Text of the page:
January 27, 2021 — Gena McCullough, Planning Director/Assistant Executive Director, reported that chapters of the Connect 2050: Quad Cities Long Range Transportation Plan are currently available for review on the Bi-State website, including those related to the metropolitan planning area (MPA) profile, passenger transportation, non-motorized transportation, and freight. Pending chapter include system planning considerations, a summary of the transportation system, and roads as well as the supporting appendices. Three addendums will follow the plan adoption, including model documentation, congestion management plan, and the Federal Highway Administration directed performance requirements in a technical addendum.
Ms. McCullough went on to highlight the following areas.
Goals. Transportation provides for the movement of goods and people to contribute to a resilient Quad Cities metro area. Six overarching goals provide the basis for transportation to be enhanced in the Quad Cities. They relate to residential and commercial/industrial development, transportation resilience, centers for learning, culture and recreation, government and public facilities/installations, and urban design. It was suggested that equity be added to the core goals, which will be brought to the Transportation Policy Committee for consideration.
Roads. There are 2,000 miles of roads in the metro Quad Cities with 125 miles of interstate, and about 40% eligible for federal funds. The river crossings of the Mississippi River carry 171,500 vehicles per day. Related to traffic safety and intersection crashes, speed and younger drivers contribute to the highest number of severe injuries and fatalities. Those with the highest percentage of severe injuries include motorcycle, pedestrian, and unprotected persons’ crashes. The impact of crashes may be addressed using engineering, enforcement, emergency response, and or education.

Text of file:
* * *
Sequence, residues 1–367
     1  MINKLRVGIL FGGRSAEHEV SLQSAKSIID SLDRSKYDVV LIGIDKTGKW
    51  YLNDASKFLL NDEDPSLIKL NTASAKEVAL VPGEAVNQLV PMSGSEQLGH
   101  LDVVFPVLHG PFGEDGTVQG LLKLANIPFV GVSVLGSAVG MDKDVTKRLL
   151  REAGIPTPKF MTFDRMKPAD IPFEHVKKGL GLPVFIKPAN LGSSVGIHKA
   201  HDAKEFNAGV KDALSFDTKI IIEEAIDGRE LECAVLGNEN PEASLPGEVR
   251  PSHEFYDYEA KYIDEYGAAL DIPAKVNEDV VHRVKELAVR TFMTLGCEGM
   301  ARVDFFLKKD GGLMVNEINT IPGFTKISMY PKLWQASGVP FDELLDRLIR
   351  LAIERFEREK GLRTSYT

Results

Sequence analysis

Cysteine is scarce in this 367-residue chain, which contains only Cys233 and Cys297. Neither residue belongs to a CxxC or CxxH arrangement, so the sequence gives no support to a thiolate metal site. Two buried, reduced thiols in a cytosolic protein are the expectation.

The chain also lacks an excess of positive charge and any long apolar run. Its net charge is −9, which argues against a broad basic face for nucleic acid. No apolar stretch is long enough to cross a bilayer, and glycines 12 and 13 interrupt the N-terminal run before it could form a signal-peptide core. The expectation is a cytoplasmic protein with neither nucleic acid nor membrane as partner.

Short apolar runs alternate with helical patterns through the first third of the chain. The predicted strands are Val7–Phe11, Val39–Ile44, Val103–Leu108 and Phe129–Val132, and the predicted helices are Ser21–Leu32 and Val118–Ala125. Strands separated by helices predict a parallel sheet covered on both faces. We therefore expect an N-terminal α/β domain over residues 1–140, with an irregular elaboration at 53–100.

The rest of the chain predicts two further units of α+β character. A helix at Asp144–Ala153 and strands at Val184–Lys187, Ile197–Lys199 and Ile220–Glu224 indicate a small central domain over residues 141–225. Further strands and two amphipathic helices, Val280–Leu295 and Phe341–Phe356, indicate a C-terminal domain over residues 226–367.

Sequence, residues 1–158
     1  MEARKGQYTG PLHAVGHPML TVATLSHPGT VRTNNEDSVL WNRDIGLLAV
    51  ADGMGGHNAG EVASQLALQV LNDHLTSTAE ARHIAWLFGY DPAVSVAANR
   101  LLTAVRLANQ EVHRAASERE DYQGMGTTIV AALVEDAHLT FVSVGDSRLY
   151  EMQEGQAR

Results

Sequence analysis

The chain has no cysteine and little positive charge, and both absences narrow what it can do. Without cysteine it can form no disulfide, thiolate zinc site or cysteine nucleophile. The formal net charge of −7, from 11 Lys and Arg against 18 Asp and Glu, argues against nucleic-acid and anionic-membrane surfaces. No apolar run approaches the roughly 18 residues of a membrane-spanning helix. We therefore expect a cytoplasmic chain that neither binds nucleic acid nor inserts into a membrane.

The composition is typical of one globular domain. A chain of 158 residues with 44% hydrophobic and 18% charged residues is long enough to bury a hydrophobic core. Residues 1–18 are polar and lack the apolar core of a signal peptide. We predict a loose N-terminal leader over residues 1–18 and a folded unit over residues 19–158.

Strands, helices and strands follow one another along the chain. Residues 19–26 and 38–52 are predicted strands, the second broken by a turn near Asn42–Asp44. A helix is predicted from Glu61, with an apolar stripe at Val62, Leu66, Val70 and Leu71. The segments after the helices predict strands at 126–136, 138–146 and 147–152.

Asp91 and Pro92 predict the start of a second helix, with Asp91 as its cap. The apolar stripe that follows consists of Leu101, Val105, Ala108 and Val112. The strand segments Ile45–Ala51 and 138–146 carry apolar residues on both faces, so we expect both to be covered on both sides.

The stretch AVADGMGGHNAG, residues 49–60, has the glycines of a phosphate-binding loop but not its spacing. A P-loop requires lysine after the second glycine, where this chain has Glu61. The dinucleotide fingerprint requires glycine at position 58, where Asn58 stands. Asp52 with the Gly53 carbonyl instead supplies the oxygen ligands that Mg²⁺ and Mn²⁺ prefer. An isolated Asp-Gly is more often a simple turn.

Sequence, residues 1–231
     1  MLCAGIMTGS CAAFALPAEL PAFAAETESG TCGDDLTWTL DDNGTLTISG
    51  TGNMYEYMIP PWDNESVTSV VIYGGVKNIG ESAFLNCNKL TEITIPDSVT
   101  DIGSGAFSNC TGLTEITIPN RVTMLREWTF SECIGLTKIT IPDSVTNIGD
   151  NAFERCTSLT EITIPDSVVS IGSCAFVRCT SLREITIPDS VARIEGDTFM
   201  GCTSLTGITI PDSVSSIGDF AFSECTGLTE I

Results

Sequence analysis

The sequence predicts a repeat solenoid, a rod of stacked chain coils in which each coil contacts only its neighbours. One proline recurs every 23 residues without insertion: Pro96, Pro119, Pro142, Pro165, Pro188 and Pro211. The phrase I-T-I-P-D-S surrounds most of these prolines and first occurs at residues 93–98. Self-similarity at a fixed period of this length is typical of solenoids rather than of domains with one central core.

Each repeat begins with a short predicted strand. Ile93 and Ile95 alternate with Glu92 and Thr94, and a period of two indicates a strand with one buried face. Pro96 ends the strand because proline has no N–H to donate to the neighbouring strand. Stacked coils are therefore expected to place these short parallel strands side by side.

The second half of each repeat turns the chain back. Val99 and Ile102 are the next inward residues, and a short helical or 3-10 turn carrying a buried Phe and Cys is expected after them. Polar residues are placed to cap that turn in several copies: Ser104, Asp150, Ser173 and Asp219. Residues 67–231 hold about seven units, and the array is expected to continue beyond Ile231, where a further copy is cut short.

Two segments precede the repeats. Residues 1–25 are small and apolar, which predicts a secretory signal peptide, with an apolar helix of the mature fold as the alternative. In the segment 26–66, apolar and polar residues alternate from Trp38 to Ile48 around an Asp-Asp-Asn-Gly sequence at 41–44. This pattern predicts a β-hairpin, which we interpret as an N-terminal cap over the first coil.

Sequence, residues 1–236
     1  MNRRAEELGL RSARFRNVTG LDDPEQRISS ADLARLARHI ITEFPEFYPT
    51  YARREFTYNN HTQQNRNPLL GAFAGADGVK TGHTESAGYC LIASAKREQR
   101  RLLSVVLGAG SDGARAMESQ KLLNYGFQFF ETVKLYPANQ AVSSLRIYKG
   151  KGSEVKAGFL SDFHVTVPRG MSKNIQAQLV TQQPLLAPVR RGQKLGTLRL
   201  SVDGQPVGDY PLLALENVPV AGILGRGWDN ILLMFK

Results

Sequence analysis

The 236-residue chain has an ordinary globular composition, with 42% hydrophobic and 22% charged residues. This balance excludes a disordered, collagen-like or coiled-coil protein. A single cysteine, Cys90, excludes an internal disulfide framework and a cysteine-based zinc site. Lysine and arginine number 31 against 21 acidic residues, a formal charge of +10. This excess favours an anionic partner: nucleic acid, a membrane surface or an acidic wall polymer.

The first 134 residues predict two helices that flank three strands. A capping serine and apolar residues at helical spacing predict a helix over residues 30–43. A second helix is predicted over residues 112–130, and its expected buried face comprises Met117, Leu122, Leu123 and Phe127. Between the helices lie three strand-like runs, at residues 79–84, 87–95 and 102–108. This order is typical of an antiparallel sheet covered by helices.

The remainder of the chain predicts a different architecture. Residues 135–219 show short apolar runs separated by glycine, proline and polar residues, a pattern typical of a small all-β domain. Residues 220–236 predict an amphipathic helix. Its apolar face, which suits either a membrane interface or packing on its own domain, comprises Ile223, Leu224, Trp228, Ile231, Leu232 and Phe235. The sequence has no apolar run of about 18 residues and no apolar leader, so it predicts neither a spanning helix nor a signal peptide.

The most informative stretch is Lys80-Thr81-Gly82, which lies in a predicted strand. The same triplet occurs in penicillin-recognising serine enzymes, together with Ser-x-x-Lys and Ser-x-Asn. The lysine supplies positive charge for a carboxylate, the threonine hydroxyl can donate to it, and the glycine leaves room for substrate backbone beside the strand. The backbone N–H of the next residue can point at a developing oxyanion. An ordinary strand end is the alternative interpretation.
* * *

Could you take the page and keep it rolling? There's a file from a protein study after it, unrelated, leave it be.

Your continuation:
Passenger Transportation. There are 3 public transit systems providing 25 fixed routes within the Quad Cities. They use a total of 104 vehicles and 3 passenger ferries. There are 3.9 million annual unlinked rides per year provided in the metro area during 12-13 hours of daily weekday service in the Iowa Quad Cities and 17 hours of daily weekday service in the Illinois Quad Cities. There are two paratransit providers and two regional transit providers (River Bend Transit and RIM Transit) serving rural to urban passenger needs. Passenger rail service continues to be in the development stage. The completed passenger rail station in Moline is awaiting rail construction to allow implementation of service from Quad Cities to Chicago. The Quad City International Airport provides commercial air service to 11 destinations.
Non-motorized Transportation. Quad Citizens and visitors have 214 miles of existing bicycle facilities to use for commuting and exercise with more miles planned for the future. Two national trails cross the metro area at the Government Bridge, the north-south Mississippi River Trail and east-west American Discovery Trail. Nineteen road corridors have been identified as Complete Streets corridors to encourage use by all users both motorized and non-motorized. As noted, bicycle injuries result in a higher percentage of severe injuries with 37 occurring in the last five years. The plan calls attention to these incidents to facilitate discussions on how our transportation system can be improved to reduce pedestrian crashes. There are also hundreds of miles of sidewalks in the Quad Cities. In the last 5 years, Bi-State staff have inventoried sidewalk repair and snow removal programs, shared best practices, and highlighted potential improvements through the development of 9 safe-routes-to-school plans. In the last 5 years, there have been 83 of these types of pedestrian-vehicle crashes. Work to reduce severe pedestrian and bicycle injury crashes will continue.
Freight Transportation. Advances in planning for freight include the 2015 freight plan, Mississippi River rail bridges study (2020), and the designation of the Mississippi River Ports of Eastern Iowa and Western Illinois as a statistical area for data collection by the Corps of Engineers. Since the last plan update, the Davenport transload facility west of the Davenport Municipal airport and part of the Eastern Iowa Industrial Center was completed and became operational.
Next Steps. Pending chapters are expected to be drafted in February. Public involvement on the draft plan will begin in March. The Policy Committee will review the plan and consider a recommendation to the Commission. The Commission will consider adoption of the plan at their March 24 meeting.